M. John Harrison's Light
True confessions time – I hate The Lord of the Rings. There. I’ve committed it to print and you may now all silently judge my failings as a speculative fiction fan.
A small caveat: when I say that, I’m referring to the original trilogy in book form. The movies, despite the endlessness of the third one, kicked serious heinie, both in terms of visual panache and sheer storytelling. The Hobbit, Tolkien’s prequel to the saga, is one of the books that I read about 400 times as a preteen. I simply could not get enough of Bilbo’s adventures in the world outside the Shire. But the trilogy itself leaves me cold. In the last 30-odd years, I have started The Fellowship of the Ring at least a dozen times. The furthest I have ever gotten is to the bit where we first meet the elves. I have officially given up. Life is too short to force yourself to read books that bore you.
Some might blame my lack of an attention span on TV or video games or ADHD. Those some would be wrong. I have no problem with long books -- hell, I’m trying to convince myself to not read Stephenson’s latest epic again -- I just have a problem with dull books. Call me crazy, but I like things to regularly happen in my stories. It doesn’t have to be a plot-a-whirl, where events spin about with wild abandon. Still, there has to be enough going on that the “what happens next?” question pulls you from page to page. And, for me, LOTR spends too much time dwelling on songs and forests, rather than on what happens in them.
But I also have a problem with Tolkien’s voice, whose lyricism leave me feeling like there is a wall of words between the characters and me. The same holds true with the award-winning China Miéville’s books. Try as I might, I can’t get past the dense lyricism that decorates his pages, like all of the baroque geegaws that adorn certain churches. This is a personal failing, and one that I’ll easily own up to. I deeply enjoy writers who play with the way in which words can be assembled (like the oft-mentioned David Foster Wallace and Tim Powers), but I have little patience with those who take a more Dickensian approach of more being more, of language being mere ornamentation that clutters up the plot. There are readers who dig that. Good for them. I am not one of them.
Which is why I thought I’d hate M. John Harrison’s Light. I’d given up on Harrison before, simply because I found the writing too lyric and, somehow, cold. I caved on Light simply because quite a few writers that I read highly recommended it. Neil Gaiman, Iain M. Banks and Alastair Reynolds can’t all be wrong, can they? No, they aren’t wrong. For the first few chapters, however, I feared they might be. Harrison’s prose verged more on the “tell with great detail, describing every last metaphorical eyelash” rather than on the more direct “show.” For example, from page 2:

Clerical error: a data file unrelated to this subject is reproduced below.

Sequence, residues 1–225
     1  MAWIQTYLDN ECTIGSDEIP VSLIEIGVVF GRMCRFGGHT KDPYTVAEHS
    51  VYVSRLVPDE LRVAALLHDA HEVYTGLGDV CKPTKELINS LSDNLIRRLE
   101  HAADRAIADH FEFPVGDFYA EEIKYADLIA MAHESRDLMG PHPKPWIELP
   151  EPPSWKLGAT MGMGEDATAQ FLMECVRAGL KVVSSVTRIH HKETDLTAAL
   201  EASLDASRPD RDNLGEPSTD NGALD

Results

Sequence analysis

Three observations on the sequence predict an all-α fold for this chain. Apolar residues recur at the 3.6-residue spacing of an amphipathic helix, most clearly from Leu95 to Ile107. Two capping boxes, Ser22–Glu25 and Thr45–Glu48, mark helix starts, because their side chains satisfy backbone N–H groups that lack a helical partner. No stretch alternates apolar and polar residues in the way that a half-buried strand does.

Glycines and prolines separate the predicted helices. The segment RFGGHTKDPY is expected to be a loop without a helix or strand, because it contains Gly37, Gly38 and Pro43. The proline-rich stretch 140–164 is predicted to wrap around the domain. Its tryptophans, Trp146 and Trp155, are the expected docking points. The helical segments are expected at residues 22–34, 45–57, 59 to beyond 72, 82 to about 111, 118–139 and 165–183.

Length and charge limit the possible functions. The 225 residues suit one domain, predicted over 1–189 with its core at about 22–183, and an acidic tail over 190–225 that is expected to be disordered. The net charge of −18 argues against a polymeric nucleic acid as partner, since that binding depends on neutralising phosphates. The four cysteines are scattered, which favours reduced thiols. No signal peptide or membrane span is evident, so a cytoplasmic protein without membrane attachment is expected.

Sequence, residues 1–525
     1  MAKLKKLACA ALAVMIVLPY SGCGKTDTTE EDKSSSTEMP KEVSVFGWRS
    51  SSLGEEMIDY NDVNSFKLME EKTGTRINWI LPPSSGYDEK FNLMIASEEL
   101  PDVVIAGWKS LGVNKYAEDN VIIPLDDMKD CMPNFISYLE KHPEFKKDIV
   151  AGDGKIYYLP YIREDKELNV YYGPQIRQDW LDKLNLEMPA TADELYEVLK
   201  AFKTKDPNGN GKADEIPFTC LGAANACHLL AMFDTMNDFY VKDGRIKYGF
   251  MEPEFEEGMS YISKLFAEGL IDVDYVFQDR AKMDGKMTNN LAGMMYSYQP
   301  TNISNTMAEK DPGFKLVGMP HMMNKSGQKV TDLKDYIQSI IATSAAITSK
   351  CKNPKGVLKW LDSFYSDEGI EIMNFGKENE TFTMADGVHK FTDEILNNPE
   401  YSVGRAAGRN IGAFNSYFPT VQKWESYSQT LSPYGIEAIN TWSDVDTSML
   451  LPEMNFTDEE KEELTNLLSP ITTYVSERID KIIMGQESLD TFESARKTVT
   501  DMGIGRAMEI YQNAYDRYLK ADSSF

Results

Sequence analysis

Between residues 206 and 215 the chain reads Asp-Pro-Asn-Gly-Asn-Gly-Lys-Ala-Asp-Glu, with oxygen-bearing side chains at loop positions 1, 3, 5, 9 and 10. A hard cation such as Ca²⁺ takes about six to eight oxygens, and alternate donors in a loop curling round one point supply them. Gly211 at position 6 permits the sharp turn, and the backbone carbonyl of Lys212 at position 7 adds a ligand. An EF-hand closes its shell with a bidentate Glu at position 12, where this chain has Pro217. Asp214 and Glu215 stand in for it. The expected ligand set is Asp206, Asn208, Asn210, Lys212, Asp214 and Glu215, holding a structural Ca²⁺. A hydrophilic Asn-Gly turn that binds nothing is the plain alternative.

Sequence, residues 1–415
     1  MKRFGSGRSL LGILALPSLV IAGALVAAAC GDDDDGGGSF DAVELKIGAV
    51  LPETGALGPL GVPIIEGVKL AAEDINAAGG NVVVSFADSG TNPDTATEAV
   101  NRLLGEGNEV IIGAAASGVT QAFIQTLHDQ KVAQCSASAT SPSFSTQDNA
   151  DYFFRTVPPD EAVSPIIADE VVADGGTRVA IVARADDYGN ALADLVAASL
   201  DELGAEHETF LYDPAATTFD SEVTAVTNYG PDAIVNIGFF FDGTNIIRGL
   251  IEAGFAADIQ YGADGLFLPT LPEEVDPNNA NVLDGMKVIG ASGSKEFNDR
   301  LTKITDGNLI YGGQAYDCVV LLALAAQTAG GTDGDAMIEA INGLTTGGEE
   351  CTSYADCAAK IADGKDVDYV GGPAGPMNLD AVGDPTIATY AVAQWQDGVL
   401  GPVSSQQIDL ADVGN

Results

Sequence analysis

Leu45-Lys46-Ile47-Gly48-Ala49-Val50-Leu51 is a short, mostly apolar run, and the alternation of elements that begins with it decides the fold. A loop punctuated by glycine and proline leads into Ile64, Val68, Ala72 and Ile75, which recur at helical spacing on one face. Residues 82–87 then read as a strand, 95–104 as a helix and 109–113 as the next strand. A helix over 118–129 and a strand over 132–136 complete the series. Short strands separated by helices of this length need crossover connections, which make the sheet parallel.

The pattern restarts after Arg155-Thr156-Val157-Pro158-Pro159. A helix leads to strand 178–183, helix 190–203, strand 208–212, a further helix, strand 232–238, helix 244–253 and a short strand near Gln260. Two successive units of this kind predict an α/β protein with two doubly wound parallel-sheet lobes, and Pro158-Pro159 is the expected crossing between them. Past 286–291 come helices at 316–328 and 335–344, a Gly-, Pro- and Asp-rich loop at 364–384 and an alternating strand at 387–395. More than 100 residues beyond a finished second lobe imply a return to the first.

Kearney let them go. He lit a cigarette and considered the idea, which rather surprised him. In the moment of articulating it -- of admitting it to himself -- he had recognized how corrosive it was. Not because of the loneliness, the egocentricity, of the image, here in this enclave of mild academic and political self-satisfaction: but because of its puerility.
The paragraph goes on from there. It’s not griping, not even in context. And much of the first third of the book reads like that, despite the dramatic events that take place as the plot ramps up. It’s a study in how removed your characters can be from events that they are the cause of, like everyone in the book is caught in a maelstrom while taking heavy anti-psychotics with Xanax chasers. It’s hard to like characters who are that affectless.
Like Kearney, the aforementioned scientist with A Terrible Secret who is searching quantum theory for answers about “Kielpinski space.” Kearney’s story butts up to that of Seria Mau, who, four hundred years into the future, is the human pilot at the heart of a stolen spaceship and dodging her enemies. In another corner of the galaxy, a drifter, who is more than he appears, falls further into his addiction to alternate realties. At the start, these characters don’t feel like they should be in the same book, but then it all starts to hang together and, at times, approaches brilliance.
Part of what keeps it humming along are Harrison’s fantastic visions of the future, which include mind-blowing carnivals and free-thinking swarms of mathematics and Ph.D-holding serial killers. Once the story really gets started, you can’t help but want to know where it will go next, simply because it won’t be where you’d imagined it would go. And it is the sort of book that leaves you wondering, in the best way possible, what the heck really happened. While all of the plots do resolve, Harrison seems to be pointing to something much grander that requires some puzzlingly out by the reader in order to fully understand. In the end, it makes for a wild, satisfying ride, despite the fact that Harrison’s language still leaves me out in the cold.
Light by M. John Harrison